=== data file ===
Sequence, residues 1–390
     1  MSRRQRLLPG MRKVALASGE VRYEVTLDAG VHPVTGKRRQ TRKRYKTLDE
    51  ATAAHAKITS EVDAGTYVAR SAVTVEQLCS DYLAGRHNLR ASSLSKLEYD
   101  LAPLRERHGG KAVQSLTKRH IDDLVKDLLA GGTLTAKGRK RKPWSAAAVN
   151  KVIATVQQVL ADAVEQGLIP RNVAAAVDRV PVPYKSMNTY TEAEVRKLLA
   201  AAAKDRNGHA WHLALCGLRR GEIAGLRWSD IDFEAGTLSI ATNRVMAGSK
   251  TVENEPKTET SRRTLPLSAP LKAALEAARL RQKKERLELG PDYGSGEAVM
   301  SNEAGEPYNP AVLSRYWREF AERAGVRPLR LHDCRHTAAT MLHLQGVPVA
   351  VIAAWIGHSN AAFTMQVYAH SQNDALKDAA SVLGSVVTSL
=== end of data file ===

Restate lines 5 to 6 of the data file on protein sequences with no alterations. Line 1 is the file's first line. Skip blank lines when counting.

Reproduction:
   151  KVIATVQQVL ADAVEQGLIP RNVAAAVDRV PVPYKSMNTY TEAEVRKLLA
   201  AAAKDRNGHA WHLALCGLRR GEIAGLRWSD IDFEAGTLSI ATNRVMAGSK